The customer journey is a matter for the boss

Posted by Christoph Spengler on 17.07.2018

Werbewoche - Die Customer Journey ist Chefsache 2018/12

Customer journey management has become a strategic management task in recent years, so it’s a matter for the boss. Used correctly in the context of digitalization, customer journey management can achieve substantial increases in efficiency.

When it comes to customer focus, customer journeys are a melting pot bringing together all disciplines and perspectives. It’s striking that initiatives relating to customer journeys in daily business are usually initiated and managed by individual departments, such as marketing, sales, IT, or services. They set out, for example, to create positive customer experiences, or generate more new customers. Despite considerable initial success, however, these projects often come to nothing as they are inadequately supported. How can this be prevented?

1. Promote cross-divisional cooperation

In order to create positive customer experiences, companies have to design the customer journey holistically. In addition to purely technical elements, it’s vital to coordinate contents, processes and organisational aspects. A comprehensive change project can easily result from this range of topics. However, customer journey management can only really succeed when employees work together across all departments and levels of hierarchy. Silo thinking stands in the way of success. Furthermore, the active involvement of senior management will accelerate the entire process and motivate employees.

2. Define the organisational framework

Does everyone understand things the same way? Misunderstandings often start with the terminology used within the company. When it comes to customers, touchpoints and customer journeys, different points of view reveal huge linguistic differences. IT works with personas for digital journeys, marketing addresses different types of advertising target groups, and product development relies on the segmentation used by the industry association.

Each department pursues different objectives, such as customer experience management or marketing automation. It’s easy to forget that all the departments are actually interacting - or at least trying to interact - with the same customers. Tasks, competencies and responsibilities must be regulated within the company. When developing customer journeys, for example, it’s important to clarify in advance:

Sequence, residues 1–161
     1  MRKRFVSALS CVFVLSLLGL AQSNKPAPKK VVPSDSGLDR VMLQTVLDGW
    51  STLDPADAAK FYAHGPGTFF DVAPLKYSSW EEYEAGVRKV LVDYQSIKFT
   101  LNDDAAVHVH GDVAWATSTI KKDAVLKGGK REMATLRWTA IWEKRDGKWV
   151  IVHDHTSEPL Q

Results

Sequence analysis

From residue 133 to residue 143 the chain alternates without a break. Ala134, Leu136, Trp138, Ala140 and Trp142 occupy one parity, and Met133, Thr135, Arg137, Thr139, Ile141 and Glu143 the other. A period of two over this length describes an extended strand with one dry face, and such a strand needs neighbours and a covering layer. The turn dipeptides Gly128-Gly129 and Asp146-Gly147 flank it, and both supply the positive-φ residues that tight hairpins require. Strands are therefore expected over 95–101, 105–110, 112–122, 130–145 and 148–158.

• For which marketing processes and/or target groups should customer journeys be created?
  • Where do the customer journeys begin and where do they end?
  • Which off- and online touchpoints should be taken into account?

3. Establish the basis for decision-making

It is well known that only what is measured can be managed and improved. Measurable touchpoint management with a 360-degree view of (potential) customers provides objectivity and reliable decision-making. At the same time, it increases buy-in for decisions on what direction to take. So among the things that need to be clarified are:

  • Who is responsible within the company for the valid, comprehensive representation of customer journeys?
  • What performance targets, performance indicators and methods will be used to judge success?

4. Develop a common understanding of the customer

The internal perspective is not the same as the customer perspective. "What do you think are the ten most important touchpoints for your customers along the customer journey when they buy your product or a comparable one?" We’ve been asking our customers this question about the Top 10 for years as part of touchpoint management, in order to capture the company perspective. During numerous surveys and workshops we’ve compiled a considerable collection of inside-out perspectives. Managing directors and specialists in marketing, sales, media, communication and services have always replied and created a list with the most important touchpoints, based more or less on gut feeling and know-how.

And the truth is: the comparison of the company perspective with the customer perspective (outside-in) is often sobering. On average, only six out of ten of the most important touchpoints for customers are correctly guessed. And up to now, the order has never been correct. The perspectives differ greatly depending on the area or department. To deal with this, the following activities are helpful:

  • Create a uniform understanding of the customer within the company on the basis of validated customer journeys
  • Determine which touchpoints to use to cover the customer journey optimally
  • Identify pleasure points (positive customer interactions) and pain points
  • Define and prioritise concrete action areas

Christoph Spengler

Christoph Spengler’s core competencies include management, marketing, sales and corporate development. He worked for fifteen years in various sectors of the consumer goods, retail and financial services industries, during which time he gained comprehensive experience with international corporations.Christoph Spengler began his career in classical consumer goods marketing. He spent his first eight years with Unilever Switzerland, where he was Business Unit Director and member of management with responsibility for the whole of the drinks sector in Switzerland. He then moved to McDonald´s, where he was a member of management for four years as Head of the marketing department. His profound knowledge of corporate development is based on his time as a director at PricewaterhouseCoopers. His activities also included management of various international projects in the areas of finance and industry.